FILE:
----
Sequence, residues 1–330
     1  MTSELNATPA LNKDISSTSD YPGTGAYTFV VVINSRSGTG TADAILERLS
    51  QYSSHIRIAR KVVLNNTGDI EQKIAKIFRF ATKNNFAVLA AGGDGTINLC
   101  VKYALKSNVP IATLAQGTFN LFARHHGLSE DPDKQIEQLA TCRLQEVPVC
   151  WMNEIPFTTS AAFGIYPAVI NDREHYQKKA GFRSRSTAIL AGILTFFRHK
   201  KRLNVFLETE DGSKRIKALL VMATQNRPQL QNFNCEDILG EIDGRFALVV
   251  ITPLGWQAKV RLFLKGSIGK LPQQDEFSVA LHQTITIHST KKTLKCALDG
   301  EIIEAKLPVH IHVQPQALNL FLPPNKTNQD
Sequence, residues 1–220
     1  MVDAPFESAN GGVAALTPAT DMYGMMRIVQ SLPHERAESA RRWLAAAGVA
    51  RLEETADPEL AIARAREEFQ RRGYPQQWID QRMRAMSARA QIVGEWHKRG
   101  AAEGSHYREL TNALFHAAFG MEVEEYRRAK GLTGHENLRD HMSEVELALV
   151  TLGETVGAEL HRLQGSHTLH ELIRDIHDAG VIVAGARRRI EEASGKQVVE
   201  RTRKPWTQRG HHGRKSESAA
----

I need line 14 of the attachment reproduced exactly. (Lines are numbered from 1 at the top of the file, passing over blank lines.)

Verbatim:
   201  RTRKPWTQRG HHGRKSESAA